As I sit here on a Sunday morning with my coffee, I’m trying to make sense of one incredible week. Earlier this week I wrote about the Boston Bombing. That was the beginning of a whirlwind week, culminating on Friday with a manhunt the likes of which this country has never seen.
I, like so many Americans, sat glued to the TV all day and night Friday. It was difficult to think, even more difficult to work. To me, when you work in social media, it seems a bit trivial to conduct business as usual. I find it a little strange to be tweeting, “Don’t forget your sunscreen,” when the entire city of Boston is in a first-of-its-kind lock down and a terrorist is being hunted by thousands of officers.
So I tweeted and posted on Facebook to show our support for Boston and sent messages of hope and safety to all the officers working so hard to protect us and sharing important news and updates. While working, I had CNN on in the background, unable to tear myself away from this historical event.
During the coverage, CNN showed tweets from Suspect #2’s Twitter account. While the Twitter name was blurred out, I and other viewers were able to make it out enough to figure it out and find his account. And what a chill I got. The thought that I and anyone else interested was able to read the thoughts of a cold-blooded killer through social media just kind of, well, freaked me out!
To think that two days after the bombing, after killing innocent people, he actually tweeted this: “I’m a stress free kind of guy.” Wow. There were other tweets, like telling another Twitter user that a story and photo he posted about the bombing was a fake story, and another talking about buying something on the black market.
I’ve often thought that social media was a wonderful way to share information, meet people and bring people together virtually. The thought that you could read the tweets of an evil mind was just so far out of my thought process, the reality felt like a slap across the face this week.
But the good side of social media spoke loud and clear as once again social media exploded when the news of the capture came at 8:45 p.m. Friday. While as we watched people in Boston and Watertown cheering the police, the capture was confirmed by an amazing tweet from the Boston Police Department: “CAPTURED!!! The hunt is over. The search is done. The terror is over. And justice has won. Suspect in custody.”
Ahhh. There it is. Once again, through social media we all unite, we connect, and we know the truth, even though a lot of false information may be out there. It’s important to weed through the info and find the true facts.
The whole country was pulled together throughout the week. Yankee Fans were singing “Sweet Caroline” in Yankee Stadium (seriously??? LOL!). Boston Strong became the tagline and the hashtag that represented an entire community coming together, strong, resilient, not letting go of its freedom or its ability to return to normalcy. So much expressed in two simple words.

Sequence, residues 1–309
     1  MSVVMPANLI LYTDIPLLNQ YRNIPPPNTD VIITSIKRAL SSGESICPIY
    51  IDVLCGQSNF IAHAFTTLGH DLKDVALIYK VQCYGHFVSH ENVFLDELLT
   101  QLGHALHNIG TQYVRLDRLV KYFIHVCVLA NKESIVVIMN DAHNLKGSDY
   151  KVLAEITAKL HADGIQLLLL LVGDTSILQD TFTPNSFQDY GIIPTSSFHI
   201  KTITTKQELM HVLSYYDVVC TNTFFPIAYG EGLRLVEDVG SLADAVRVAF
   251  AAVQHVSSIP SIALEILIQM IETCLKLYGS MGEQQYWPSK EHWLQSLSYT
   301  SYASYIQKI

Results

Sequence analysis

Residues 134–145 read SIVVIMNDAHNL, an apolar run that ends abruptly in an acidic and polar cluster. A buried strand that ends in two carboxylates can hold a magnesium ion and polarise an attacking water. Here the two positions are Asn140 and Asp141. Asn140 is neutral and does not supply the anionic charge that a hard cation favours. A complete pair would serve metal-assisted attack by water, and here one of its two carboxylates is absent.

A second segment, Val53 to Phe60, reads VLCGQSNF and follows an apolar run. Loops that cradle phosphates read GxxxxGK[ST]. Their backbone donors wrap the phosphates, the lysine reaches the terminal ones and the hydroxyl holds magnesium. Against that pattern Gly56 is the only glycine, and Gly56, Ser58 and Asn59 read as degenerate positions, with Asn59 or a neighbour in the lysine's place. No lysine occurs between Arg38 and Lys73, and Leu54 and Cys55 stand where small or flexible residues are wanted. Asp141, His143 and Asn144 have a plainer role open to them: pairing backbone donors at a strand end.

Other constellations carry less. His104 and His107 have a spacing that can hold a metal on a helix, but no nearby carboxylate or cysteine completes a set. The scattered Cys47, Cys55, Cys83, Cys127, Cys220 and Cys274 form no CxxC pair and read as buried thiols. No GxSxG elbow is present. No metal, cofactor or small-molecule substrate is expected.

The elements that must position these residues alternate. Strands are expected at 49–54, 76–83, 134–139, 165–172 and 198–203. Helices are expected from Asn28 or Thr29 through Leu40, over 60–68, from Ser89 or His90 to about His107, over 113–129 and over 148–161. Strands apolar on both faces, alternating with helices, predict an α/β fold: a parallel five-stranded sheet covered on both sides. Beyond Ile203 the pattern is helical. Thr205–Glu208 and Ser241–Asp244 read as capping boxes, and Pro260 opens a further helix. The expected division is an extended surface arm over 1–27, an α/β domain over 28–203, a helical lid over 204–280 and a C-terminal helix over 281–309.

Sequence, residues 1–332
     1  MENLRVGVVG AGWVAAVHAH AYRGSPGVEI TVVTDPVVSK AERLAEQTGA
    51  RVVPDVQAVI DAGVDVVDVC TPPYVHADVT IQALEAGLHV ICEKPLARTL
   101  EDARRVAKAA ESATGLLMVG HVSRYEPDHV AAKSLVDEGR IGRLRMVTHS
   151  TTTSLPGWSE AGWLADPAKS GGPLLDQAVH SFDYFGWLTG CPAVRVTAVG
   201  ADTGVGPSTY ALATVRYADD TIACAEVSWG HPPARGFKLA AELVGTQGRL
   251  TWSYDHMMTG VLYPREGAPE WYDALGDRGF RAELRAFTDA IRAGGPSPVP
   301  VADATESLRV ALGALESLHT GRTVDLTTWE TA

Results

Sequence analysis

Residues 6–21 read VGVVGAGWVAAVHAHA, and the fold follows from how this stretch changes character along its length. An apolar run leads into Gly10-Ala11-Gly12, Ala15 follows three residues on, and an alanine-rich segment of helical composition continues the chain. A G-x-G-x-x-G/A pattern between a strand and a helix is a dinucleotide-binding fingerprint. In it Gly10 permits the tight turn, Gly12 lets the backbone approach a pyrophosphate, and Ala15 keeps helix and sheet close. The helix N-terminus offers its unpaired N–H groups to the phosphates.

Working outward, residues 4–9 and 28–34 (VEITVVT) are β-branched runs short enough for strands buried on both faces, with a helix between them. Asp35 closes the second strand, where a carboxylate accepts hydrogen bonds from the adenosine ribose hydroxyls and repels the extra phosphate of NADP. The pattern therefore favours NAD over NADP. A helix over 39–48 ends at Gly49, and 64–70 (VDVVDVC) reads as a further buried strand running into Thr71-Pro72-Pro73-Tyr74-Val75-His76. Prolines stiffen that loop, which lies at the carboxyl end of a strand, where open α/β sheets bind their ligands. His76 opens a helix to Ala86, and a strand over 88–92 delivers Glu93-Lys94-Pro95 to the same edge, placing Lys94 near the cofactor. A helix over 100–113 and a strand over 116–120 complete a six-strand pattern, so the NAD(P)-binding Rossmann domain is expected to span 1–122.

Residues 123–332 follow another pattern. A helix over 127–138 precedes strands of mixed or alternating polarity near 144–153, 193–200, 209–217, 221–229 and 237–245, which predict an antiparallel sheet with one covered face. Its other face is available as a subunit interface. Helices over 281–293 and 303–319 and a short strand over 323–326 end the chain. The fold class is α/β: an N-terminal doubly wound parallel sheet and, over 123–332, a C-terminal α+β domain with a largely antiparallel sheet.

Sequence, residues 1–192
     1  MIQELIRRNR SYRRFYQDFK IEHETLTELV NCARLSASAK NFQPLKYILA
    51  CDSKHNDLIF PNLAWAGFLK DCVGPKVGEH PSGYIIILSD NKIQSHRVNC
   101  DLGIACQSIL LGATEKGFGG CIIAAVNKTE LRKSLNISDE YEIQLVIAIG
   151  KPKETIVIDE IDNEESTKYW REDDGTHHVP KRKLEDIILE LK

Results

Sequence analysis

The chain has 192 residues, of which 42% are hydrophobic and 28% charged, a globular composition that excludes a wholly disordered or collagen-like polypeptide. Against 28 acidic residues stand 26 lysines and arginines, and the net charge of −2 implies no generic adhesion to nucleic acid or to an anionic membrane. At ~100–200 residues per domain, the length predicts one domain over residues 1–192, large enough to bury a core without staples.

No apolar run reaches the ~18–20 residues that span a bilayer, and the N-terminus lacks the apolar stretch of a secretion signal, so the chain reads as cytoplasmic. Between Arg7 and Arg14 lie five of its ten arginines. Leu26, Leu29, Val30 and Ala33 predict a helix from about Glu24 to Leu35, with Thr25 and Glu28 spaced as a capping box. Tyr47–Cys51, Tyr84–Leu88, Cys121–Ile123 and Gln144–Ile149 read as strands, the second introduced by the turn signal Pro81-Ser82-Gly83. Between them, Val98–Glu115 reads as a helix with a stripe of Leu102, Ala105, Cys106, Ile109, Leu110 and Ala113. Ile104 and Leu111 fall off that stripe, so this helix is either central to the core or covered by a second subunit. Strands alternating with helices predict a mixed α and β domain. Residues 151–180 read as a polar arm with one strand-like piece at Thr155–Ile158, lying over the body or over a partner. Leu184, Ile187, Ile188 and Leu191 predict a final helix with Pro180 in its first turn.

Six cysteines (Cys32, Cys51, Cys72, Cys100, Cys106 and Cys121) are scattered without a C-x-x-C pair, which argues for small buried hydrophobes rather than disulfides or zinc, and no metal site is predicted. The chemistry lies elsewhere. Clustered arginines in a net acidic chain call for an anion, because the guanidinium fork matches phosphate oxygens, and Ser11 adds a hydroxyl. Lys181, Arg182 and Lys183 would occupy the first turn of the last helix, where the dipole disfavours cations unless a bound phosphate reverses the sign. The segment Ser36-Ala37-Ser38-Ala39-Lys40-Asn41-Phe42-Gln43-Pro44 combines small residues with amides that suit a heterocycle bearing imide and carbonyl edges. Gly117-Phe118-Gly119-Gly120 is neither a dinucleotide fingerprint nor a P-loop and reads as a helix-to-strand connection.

And so on Saturday, the Boston Red Sox took to the field. It was an amazing opening ceremony kicked off by a moving and emotional slide show accompanied by the Jeff Buckley’s version of the Leonard Cohen classic “Hallelujah.” Volunteers from the Boston Marathon took to the field, members of the Boston Police Department, the Police Commissioner, Governor Patrick and so many others. As Red Sox fans joined together to sing the National Anthem and wave their Boston Strong signs, the world came together, again, united and celebrating. I sat watching from home, with tears streaming down my face, emotional, grateful for all the work of those amazing officers who risked their lives to capture the suspect. Tears flowing down my face, with sympathy for those injured and lost, and happiness that the terror was over.
The ceremonial first pitches were tossed by heroes like the off-duty firefighter who rushed to the scene to save lives, the brother who sheltered his sisters from the blast and was injured himself, and the father who pushes his son in his wheelchair in the Marathon every year for 31 years. Heroes. And the tweets went crazy.
And then Big Papi, David Ortiz, took to the field with a microphone. And he said some wonderful words, and then he briefly summed up the entire week in two sentences And while I don’t usually swear in blog posts or on social media, this one deserves repeating: “This is our fucking city. And nobody is going to dictate our freedom.” Fenway Park simply erupted with cheers.
Amen! All is at it should be. We are America, we are strong, we will not be defeated. It’s too bad it takes a tragedy to bring a country together and support each other, even if social media makes it easier.
One amazing, emotional, historical week. What will you remember most from this week?